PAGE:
Examples of the pulp fibers include not only wood pulp but non-wood pulp, such as cotton pulp, linter pulp, bamboo, and straw. These kinds of pulp, whether virgin or recycled, can be used either alone or in combination thereof. From the standpoint of availability, environmental conservation, and reduction of production cost, used paper pulp is preferred.

It is preferred for the organic fibers to have an average length of 0.1 to 20 mm, more preferably 0.5 to 10 mm, from the viewpoint of surface smoothness and impact strength of the resulting base sheet.

The thermosetting resin is a component necessary to retain the low- and high-temperature strength of the part 10 and to provide a paper tube with good surface properties which contribute to improve the surface smoothness of a casting. The thermosetting resins include phenol resins, epoxy resins, and furan resins. Phenol resins are preferred in view of reduced generation of combustible gas, resistance to burning, and a high carbon residue content after thermal decomposition (carbonization) as high as 25% or more to form a carbonized film to provide a casting with an improved casting surface. As used herein the terms “carbon residue content” refers to a value obtained by heating a thermosetting resin sample in a nitrogen atmosphere from room temperature up to 1200° C. at a rate of temperature rise of 50° C./min, measuring the mass of the residue, and dividing the mass of the residue with the mass before heating. The mass after heating is lighter than that before heating because combustion gas is released from the resin during heating. Usable phenol resins include novolak phenol resins requiring a curing agent and resol type phenol resins requiring no curing agent. In order to minimize elution of free phenol into white water, it is preferred to use a low-release phenol resin, such as high-molecular-weight resol phenol resins synthesized using a basic catalyst or an acidic catalyst. In using a novolak phenol resin, a curing agent is needed. Since the curing agent easily dissolves in water, it is preferably applied to the surface of a dewatered fiber mat. Preferred examples of the curing agent include hexamethylenetetramine. The thermosetting resins can be used either individually or as a combination of two or more thereof.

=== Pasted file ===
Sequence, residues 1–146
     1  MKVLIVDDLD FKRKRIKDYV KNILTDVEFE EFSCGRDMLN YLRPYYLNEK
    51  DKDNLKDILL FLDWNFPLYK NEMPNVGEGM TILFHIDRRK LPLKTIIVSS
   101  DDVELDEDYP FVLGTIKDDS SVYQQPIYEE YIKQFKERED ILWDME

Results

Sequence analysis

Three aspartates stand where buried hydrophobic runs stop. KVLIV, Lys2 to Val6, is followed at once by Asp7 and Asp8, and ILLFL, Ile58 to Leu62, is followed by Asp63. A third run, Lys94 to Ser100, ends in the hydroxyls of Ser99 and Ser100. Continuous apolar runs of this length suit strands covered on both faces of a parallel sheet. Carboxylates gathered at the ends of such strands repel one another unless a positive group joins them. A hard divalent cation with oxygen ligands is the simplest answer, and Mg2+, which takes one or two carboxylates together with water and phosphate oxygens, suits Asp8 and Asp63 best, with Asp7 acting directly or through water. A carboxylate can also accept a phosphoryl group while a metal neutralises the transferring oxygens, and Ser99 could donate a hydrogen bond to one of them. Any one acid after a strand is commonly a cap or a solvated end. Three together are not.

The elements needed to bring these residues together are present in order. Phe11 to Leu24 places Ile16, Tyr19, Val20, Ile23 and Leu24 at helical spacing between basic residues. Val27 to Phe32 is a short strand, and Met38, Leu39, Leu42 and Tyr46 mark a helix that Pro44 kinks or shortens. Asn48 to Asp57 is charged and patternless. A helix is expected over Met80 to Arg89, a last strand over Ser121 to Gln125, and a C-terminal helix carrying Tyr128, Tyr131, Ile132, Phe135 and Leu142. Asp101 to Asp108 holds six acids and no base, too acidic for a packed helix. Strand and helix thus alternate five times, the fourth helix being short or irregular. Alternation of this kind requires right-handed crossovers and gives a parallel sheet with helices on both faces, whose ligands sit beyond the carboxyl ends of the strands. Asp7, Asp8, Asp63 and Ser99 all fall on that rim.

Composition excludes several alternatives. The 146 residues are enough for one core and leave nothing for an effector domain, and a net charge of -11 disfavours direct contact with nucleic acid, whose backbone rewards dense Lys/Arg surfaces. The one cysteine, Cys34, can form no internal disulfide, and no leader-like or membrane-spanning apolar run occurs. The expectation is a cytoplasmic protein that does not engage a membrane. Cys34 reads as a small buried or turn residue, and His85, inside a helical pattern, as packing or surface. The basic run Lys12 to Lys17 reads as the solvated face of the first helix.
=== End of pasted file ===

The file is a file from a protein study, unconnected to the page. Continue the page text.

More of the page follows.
Examples of the combustion gas include carbon monoxide, carbon dioxide, and hydrocarbons such as methane and ethylene.

Examples of the papermaking binder include natural polymers such as starch, gelatin, guar gum, and carboxymethyl cellulose (CMC); water soluble synthetic polymers such as KAIMEN (polyamideamine-epichlorohydrin resin), polyvinyl alcohol (PVA), polyacrylamide (PAM), and polyethylene oxide (PEO); styrene-butadiene latices, acrylonitrile-butadiene latices, acrylic latices, and vinyl acetate latices; and inorganic binders such as colloidal silica and alumina-based binders. Preferred of them are KAIMEN, CMC, and acrylic latices for their powder-fixing properties. The papermaking binder is preferably used in an amount of 0.01% to 5%, more preferably 0.02% to 1%, on a solid basis based on the mass of the organic fibers. These papermaking binders can be used either individually or as a combination of two or more thereof.

The part 10 can contain a water repellant to prevent penetration of the adhesive described supra into base paper and to prevent loss of strength due to moisture absorption. Silicone surface active agents, fluorine-containing surface active agents, fat and oil type surface active agents, hydrophobic surface active agents, and hydrophobic polymers can be used as a water repellant. The water repellant is preferably applied to both the inner and outer sides of the part 10 and dried to prevent deterioration of strength due to moisture absorption. The water repellant is advisably used in the form of an aqueous solution or emulsion that is convenient to handle upon use. The water repellants may be used either individually or as a combination of two or more thereof. Silicone, fluorine-containing or fat and oil type emulsions are preferably used. When the water repellant is added to a slurry, particularly preferred is an alkyl ketene dimer (AKD), which exhibits excellent water repellency in a neutral region at a small amount and is superior in acid resistance and alkali resistance to rosin, etc. The water repellant may be added in an adequate amount to a raw material slurry or applied to the part. Coating techniques include spraying, brush coating, dipping, and pouring. Spraying, dipping or pouring is preferred for productivity. Coating by “pouring” as used here is achieved by hosing a pumped liquid over the part to be coated. In cases where the part for casting is used in a dry working environment or when the thermosetting resin serves for water repellency depending on its kind or amount used, the water repellant may be dispensed with.